Link Density: Actual links / S (number of prey in food web)
oxygen cycle
The pathways through which oxygen is circulated through the biosphere.
cat-bird-fish-sea grass is a sign of which
food chain
Pioneer Species
The first species to populate an area.
local scaling
-level of cycling within the immediate environment
Density Independent
does not depend on the number of organisms present
food chains show
flow of energy, what eats what, etc.
2 ways in which water enters the atmosphere in the water cycle?
percipitation, transpiration
cellular respiration
All heterotrophs have to eat to get glucose, which they break down in ______________ ________________.
A spider traps a fat fly in her web.
Three fundamental ecological concepts that sustainable farmers should know
Biodiversity- (The higher the biodiversity of a system, the more stable it is)
Succession- (So they can understand how to return their farms to nature when they are no longer in use)
Biomes and Ecoregions- (So they better understand the type of vegetation that it suited to grow in the area they are farming)
10% rule
each trophic level receives 10% of the energy from the level before.
Biological Succession
The orderly replacement of one kind of life by a more complicated one
The region in a body of water that divides the warmer, oxygen-rich surface layer from the colder, oxygen-poor deep water
The split up occurs in the summer.
Fundamental Niche
the full range of conditions that a species can tolerate and resources it can use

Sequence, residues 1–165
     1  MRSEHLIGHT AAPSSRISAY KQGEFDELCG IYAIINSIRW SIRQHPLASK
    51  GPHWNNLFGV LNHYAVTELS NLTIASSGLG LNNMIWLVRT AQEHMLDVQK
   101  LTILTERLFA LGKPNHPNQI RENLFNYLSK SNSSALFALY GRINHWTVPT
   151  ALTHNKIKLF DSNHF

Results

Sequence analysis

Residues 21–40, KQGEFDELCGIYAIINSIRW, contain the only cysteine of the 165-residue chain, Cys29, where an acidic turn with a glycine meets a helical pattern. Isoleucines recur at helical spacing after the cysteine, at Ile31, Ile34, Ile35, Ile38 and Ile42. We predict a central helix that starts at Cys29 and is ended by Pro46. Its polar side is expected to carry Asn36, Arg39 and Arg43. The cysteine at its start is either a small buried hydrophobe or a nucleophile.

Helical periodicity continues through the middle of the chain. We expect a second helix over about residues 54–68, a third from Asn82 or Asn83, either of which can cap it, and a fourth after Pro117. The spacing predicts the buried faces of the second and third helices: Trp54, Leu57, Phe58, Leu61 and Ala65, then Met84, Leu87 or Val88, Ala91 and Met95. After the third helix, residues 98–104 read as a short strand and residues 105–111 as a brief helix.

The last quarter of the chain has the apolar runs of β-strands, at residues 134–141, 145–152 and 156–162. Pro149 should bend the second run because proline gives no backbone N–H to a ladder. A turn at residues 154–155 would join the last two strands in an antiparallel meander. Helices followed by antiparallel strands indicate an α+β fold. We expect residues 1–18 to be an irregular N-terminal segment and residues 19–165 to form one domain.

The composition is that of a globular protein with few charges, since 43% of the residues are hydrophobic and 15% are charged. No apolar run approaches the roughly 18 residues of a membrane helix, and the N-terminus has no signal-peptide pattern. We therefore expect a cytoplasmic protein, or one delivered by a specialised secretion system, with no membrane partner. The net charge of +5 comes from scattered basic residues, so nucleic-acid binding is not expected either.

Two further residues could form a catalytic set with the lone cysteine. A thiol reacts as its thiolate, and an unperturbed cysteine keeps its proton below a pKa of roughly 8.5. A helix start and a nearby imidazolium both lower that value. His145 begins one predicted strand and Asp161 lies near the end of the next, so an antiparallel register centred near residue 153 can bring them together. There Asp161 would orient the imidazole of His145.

Metabolism involves either/or...
using energy to build molecules or breaking down molecules in which energy is stored.
environmental protection laws
wide body of both federal and state law designed to protect the quality of our earth, water, and air
angle of incidence
angle between the incident ray and the normal
ecological disturbance
can have a broad effect on many living things
randomly arranged community structure
- inds live wherever resources are available
survivorship curve
A plot of the number of members of a cohort that are still alive at each age; one way to represent age-specific mortality.
net primary production (NPP)
total dry weight of new biomass added over the course of one year. gives us a rough yardstick to compare the productivity of different types of ecosystems
What are the characteristics for Heterotrophs?
Also known as consumers because they rely on other organisms for their energy and food supply.
How does latitude affect climate?
the closer you get to the North or South poles, the less energy the region gets from the sun and the colder the climate. Season changes also have to do with latitude
What did the models and field studies suggest about the American pika and it's three subpopulations?
What does the study illustrate?
Within the metapopulation as a whole, the northern network acts as a net source of colonizers that prevent the middle network from suffering overall extinctions. These in turn delay extinction in, and allows recolonization of, the southern network. The study therefore illustrates how whole metapopulations can be stable when their individual subpopulations are not. Moreover, the comparison of the northern and middle networks, both stable but at very different occupancies, shows how occupancy may depend on the size of the pool of dispersers, which itself may depend on the size and number of the subpopulations. Finally, the southern network, in particular, emphasizes that the observable dynamics of a metapopulation may have more to do with 'transient' behavior, far from any equilibrium.